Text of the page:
If your adult child struggles with addiction, you may already be aware of the connection1 between mental health and substance abuse: “Substance use disorders also co-occur at high prevalence with mental disorders, such as depression and bipolar disorder, attention-deficit hyperactivity disorder (ADHD), psychotic illness, borderline personality disorder, and antisocial personality disorder.”
Which do you address first — and why? Should you tackle the mental health diagnosis first? Would this resolve the issue of addiction? If we don’t tackle the mental health issue first, will your child be able to overcome substance abuse? These questions are common. When your family is faced with both challenges at the same time, it can be overwhelming to understand where to start.
When do I know is that it’s time to take a step forward to address the addiction first, and then the mental illness
Here are the signs you need to look for in your own life; the signs that it’s time to do something different when it comes to addressing your adult child’s addiction and prioritize your efforts.
What have you tried in the past to help address addiction first, before mental health struggles? Are you trying these methods now — unsuccessfully?
Method 1: You hire a medical professional — like a psychiatrist or psychologist — to address or medicate the underlying mental health issue. You create a treatment plan that you think will address the problems and hopme that will help the substance abuse issue disappear also.
Method 2: You’ve searched for a rehab program that not only deals with the addiction at hand, but also includes strategies that address co-occurring mental health conditions, and cross your fingers that it’s all your child needs to want to choose recovery.
Method 3: Read and researched all of the material written by “smart people” about mental illnesses and addiction, and how they connect, with the hope that you'll be able to one day leverage this wealth of knowledge and help your child make changes in their life.
If these methods have not worked for you, I have another approach to recommend. Here's why this approach is important to try.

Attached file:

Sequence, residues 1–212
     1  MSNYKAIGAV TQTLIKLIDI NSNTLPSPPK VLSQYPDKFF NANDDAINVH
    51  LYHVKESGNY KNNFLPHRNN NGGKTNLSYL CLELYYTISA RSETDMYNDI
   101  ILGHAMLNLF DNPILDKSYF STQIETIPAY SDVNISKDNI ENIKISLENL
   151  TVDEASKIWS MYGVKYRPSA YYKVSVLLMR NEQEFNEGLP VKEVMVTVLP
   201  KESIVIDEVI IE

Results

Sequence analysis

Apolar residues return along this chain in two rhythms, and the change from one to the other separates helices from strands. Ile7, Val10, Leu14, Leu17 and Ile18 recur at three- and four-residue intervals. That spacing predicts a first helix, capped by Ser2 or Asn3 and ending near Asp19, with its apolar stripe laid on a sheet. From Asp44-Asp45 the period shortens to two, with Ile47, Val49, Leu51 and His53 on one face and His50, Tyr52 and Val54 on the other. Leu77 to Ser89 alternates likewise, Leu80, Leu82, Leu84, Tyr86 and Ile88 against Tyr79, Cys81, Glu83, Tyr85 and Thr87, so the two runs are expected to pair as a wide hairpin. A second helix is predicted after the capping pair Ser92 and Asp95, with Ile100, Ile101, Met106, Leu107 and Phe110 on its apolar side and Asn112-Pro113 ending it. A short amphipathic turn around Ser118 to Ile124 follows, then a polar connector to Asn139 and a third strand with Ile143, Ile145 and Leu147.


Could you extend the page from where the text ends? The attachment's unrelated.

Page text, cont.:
It is very common for there to be both mental health and addiction issues co-occurring.
Accept that the addiction must be solved first, before underlying mental health issues can be treated or handled. Stop focusing on the underlying mental health issues as the “reason” for your child’s use of drugs or alcohol. They may be the reason or they may not.
The exception to this is when your child was diagnosed with a mental health issue years before any usage started, and you are 100% sure of that. In that case, please rely on the appropriate medical expert. If this is the case, you may also benefit from the family training NAMI offers.
Focus on learning the things you need to learn to love and support a child with an addiction. Loving them is very different from loving and supporting your other children, and it’s important to understand how to Love Another Way. You’ll be there to help support your child’s mental health journey once the addiction is addressed.
Why is it important to Love Another Way?
Understand that it’s impossible to know what actions of your child are due to addiction and which actions are a result of a mental illness — it could be months before they’re clean of all substances. My son Eric was diagnosed with several mental health issues, and after he completed recovery, I expected a long list of other things we needed to address. They never came up, however, and I’ve learned this is a very, very common situation.
As parents, we prefer to think that our child is primarily struggling because of their mental illness instead of addressing the addiction at the core of their difficulties in life. Remember -- addiction is no more a child’s fault than mental health issues. Focus on the addiction; it must be dealt with first to then sort through mental health issues.
Most importantly, those with addiction will blame anything around them for their troubles instead of ever blaming their actual addiction. This means they’ll place blame on their mental health issues, on you as a parent, or on other family members. Of course, these are all excuses and nothing will change until we stop buying into it.
Take this first step now.
I’ve put together a couple of short snippets on the topic of addiction versus mental illness. Listen to them here. When you talk about or think about what is happening with your child, say to yourself or out loud: My child has an addiction problem. My child may also have a mental health issue or issues. The first thing to resolve is the addiction problem. Then, the mental health issues can be tackled.
Click here to listen to these discussions
Then take step two: Listen to my workshop. Discover HOW to Actually Address the Addiction Issue.
My son was diagnosed with a laundry list of mental illnesses while he was in his addiction. I talk about this and how I had to navigate it in my workshop, Sign up at the button below.
Hop on my workshop now.
Watch this workshop to find out how to actually address addiction.
- The connection between mental health and substance abuse: https://www.drugabuse.gov/publications/research-reports/common-comorbidities-substance-use-disorders/part-1-connection-between-substance-use-disorders-mental-illness